4. From Pregnancy to Placement and Beyond- Your story includes multiple parts. Sustaining a pregnancy and remaining healthy both physically and emotionally, even while knowing that you will not be parenting a child, can be incredibly difficult. Do you have tips or tricks that helped you get through it? How about stories of your adoption placement? How was your time in the hospital? Is there anything you would change? Did you have a placement ceremony? If you placed your child(ren) for adoption when they were older—whether through an agency or through the foster care system—how has that affected you? What types of emotions do you feel and how would you recommend dealing with the situation to others who may be experiencing it? What do you say when confronted with the opinions and questions of others? After placement—how is it going? Is it what you expected? Better/worse? Is there anything you would change or that you wish had worked out differently? What parts of your adoption journey do you love? Which parts are your least favorite?

5. Open vs. Closed Adoption- If you were involved in a closed adoption, how did that affect you? What concerns and emotions did/do you have? Do you advocate for open adoption and reunion? If you are involved in an open adoption, how did you choose the adoptive parents? What does it mean to you to receive contact or have visits? How do you deal with conflicting interests or viewpoints that may occasionally arise? Do you recommend open adoption to others?

- Possible Adoptive Parent Testimonies:

1. Infertility and Miscarriage- Unfortunately, many people deal with the struggle of infertility and miscarriage. According to The Centers for Disease Control and Prevention, 6% of married women ages 15-44 can’t conceive after one year of trying. Also, 12% of women in the same age group struggle to get pregnant or to carry a pregnancy to term, regardless of marital status. It is believed that 1 in 4 recognized pregnancies end in miscarriage. 1 in 100 pregnancies at 20 weeks or later end in stillbirth. These numbers are devastating. Many parents choose to keep this information private and end up holding the pain inside. By sharing your story, you can help others to know that they are not alone, that it is not their fault, and that it’s okay to grieve, to feel angry, or to feel any emotions that may overcome them. You can refer them to counseling or help them find ways to grieve the loss of a child or the chance of becoming biological parents.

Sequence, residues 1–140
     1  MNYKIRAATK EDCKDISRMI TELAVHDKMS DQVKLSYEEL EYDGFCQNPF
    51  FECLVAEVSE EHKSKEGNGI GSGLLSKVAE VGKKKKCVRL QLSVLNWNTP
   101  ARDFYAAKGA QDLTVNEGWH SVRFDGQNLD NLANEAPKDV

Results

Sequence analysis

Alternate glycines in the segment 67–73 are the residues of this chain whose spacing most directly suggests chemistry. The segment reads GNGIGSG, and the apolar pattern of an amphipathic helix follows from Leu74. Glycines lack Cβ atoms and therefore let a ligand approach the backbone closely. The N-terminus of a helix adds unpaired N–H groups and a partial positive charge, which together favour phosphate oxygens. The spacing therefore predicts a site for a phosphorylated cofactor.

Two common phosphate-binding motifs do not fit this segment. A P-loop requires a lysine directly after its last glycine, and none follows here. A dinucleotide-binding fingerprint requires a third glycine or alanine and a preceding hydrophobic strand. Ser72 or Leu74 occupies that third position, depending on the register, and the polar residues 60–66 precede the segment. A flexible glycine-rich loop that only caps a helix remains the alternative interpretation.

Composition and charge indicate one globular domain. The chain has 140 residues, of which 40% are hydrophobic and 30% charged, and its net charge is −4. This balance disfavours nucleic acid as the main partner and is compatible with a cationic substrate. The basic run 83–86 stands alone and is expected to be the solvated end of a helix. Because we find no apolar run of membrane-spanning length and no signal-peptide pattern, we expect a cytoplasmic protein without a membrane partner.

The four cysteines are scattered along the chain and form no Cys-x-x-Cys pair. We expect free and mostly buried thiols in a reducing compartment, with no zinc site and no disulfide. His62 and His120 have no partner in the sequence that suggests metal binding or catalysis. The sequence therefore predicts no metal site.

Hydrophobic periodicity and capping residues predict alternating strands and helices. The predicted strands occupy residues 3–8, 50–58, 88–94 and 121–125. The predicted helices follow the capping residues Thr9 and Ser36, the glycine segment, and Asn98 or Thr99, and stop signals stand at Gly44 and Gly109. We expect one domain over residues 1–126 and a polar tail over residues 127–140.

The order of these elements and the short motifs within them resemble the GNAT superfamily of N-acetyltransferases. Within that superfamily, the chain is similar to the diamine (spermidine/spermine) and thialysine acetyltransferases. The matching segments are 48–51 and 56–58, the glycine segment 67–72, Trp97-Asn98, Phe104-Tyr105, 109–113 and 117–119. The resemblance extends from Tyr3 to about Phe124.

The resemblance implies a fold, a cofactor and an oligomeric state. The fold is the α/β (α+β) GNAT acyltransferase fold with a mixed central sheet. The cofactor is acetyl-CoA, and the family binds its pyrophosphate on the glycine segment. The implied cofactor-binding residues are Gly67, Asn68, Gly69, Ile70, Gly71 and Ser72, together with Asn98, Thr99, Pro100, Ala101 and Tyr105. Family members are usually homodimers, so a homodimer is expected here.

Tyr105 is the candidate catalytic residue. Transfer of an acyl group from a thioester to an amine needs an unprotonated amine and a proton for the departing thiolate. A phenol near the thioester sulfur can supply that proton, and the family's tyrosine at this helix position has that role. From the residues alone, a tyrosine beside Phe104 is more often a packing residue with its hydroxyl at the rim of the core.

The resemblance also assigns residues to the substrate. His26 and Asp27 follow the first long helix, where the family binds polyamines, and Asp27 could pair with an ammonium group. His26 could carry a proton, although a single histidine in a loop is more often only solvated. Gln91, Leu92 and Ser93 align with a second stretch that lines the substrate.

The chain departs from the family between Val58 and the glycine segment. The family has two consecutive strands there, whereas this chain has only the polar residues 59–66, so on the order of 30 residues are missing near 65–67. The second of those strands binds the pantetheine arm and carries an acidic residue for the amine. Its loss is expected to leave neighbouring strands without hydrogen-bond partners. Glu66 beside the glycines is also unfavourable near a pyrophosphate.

2. The Choice to Adopt- What led you to your decision to adopt? Was it something you have always wanted to do or is it a decision you came to recently? Did you choose to adopt through an adoption agency or through foster care? Have you adopted a family member? There are many benefits to adopting, but there are also many questions. Sharing your knowledge about the financial and legal obligations that go along with the adoption process may benefit others. Giving them advice to help them decide what to look for in an agency and having realistic expectations about the entire process can also help. Perhaps your story can help someone who is on the fence about adopting to make an informed decision.

3. Failed Adoption- Have you experienced an adoption placement that fell through? How did that affect you? What emotions did you experience? Did it weigh heavily on your desire to try again or did you pick right up and just keep going? While this type of situation can be painful, it can be helpful to know that others have experienced it and have some advice for coping with the loss of an “almost” adoption.

4. The Joys & Struggles of Adoption & Parenting- There is no doubt that you have experienced both incredible joy and difficult moments on your adoption journey. Which moments made you burst with pride? Which moments were challenging or upsetting? Have you had anxiety about bonding with your new child or becoming a parent in general? How do you effectively communicate with your child’s biological family while still respecting each other’s boundaries? Regardless if it’s biological or adoptive, parenting comes with its own set of joys and struggles. Use yours to help others.

5. Open vs. Closed Adoption- What type of adoption are you currently a part of? Is it completely open, completely closed, or somewhere in the middle? What are the benefits and drawbacks in your opinion? Potential adoptive parents may be trying to navigate how they feel about levels of openness. Your experience can help them to make an informed decision.

- Possible Adoptee Testimonies: